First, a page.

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J Neurosci. 2002 Aug 1;22(15):6321-4.

Caffeine induces dopamine and glutamate release in the shell of the nucleus accumbens.

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Section of Preclinical Pharmacology, Behavioral Neuroscience Branch, National Institute on Drug Abuse, National Institutes of Health Intramural Research Program, Baltimore, Maryland 21224, USA.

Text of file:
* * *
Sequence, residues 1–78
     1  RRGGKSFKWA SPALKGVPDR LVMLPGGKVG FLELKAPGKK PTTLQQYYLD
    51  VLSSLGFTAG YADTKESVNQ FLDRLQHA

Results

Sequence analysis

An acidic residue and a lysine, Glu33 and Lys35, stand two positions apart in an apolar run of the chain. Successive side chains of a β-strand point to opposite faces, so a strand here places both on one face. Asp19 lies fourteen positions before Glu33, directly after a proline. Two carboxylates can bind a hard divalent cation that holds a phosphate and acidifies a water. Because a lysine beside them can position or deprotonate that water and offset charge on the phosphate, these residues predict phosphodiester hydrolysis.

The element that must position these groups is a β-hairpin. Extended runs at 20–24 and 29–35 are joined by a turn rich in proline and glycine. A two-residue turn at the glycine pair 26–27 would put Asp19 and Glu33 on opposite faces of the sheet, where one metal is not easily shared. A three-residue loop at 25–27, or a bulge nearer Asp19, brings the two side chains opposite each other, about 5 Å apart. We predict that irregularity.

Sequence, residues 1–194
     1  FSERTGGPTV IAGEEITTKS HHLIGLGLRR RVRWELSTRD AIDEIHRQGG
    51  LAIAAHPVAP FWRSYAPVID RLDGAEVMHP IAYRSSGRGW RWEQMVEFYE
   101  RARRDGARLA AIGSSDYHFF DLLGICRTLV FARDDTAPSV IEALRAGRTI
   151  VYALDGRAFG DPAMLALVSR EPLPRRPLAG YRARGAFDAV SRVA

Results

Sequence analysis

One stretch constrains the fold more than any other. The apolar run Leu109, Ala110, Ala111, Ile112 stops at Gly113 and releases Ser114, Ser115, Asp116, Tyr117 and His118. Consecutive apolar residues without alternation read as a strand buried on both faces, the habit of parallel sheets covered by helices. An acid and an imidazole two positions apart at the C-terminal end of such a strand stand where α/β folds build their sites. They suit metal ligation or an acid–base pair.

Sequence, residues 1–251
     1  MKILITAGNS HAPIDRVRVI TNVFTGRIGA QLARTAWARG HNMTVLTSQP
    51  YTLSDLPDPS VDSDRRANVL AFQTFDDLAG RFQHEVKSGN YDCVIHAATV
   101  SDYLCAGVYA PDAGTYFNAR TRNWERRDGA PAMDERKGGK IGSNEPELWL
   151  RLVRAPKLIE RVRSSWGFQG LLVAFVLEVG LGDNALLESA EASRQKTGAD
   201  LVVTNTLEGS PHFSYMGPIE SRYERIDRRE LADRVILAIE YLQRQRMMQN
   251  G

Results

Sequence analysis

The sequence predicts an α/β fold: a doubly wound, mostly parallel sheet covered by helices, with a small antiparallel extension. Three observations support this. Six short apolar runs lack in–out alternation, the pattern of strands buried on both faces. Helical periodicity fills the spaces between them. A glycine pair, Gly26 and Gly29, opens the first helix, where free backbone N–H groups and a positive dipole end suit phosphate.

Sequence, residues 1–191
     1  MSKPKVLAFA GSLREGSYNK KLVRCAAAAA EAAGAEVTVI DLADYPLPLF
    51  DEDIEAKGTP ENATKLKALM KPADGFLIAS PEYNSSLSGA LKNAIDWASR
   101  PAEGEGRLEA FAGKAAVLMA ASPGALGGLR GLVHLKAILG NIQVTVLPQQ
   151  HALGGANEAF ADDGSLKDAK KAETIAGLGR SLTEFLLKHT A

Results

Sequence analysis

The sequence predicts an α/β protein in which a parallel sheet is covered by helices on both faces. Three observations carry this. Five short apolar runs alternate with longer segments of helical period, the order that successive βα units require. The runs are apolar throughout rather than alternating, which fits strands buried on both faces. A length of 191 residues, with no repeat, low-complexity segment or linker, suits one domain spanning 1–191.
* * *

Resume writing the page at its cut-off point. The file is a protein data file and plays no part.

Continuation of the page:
An increase in the extracellular concentration of dopamine in the nucleus accumbens (NAc) is believed to be one of the main mechanisms involved in the rewarding and motor-activating properties of psychostimulants such as amphetamines and cocaine. Using in vivo microdialysis in freely moving rats, we demonstrate that systemic administration of behaviorally relevant doses of caffeine can preferentially increase extracellular levels of dopamine and glutamate in the shell of the NAc. These effects could be reproduced by the administration of a selective adenosine A1 receptor antagonist but not by a selective adenosine A2A receptor antagonist. This suggests that caffeine, because of its ability to block adenosine A1 receptors, shares neurochemical properties with other psychostimulants, which could contribute to the widespread consumption of caffeine-containing beverages.

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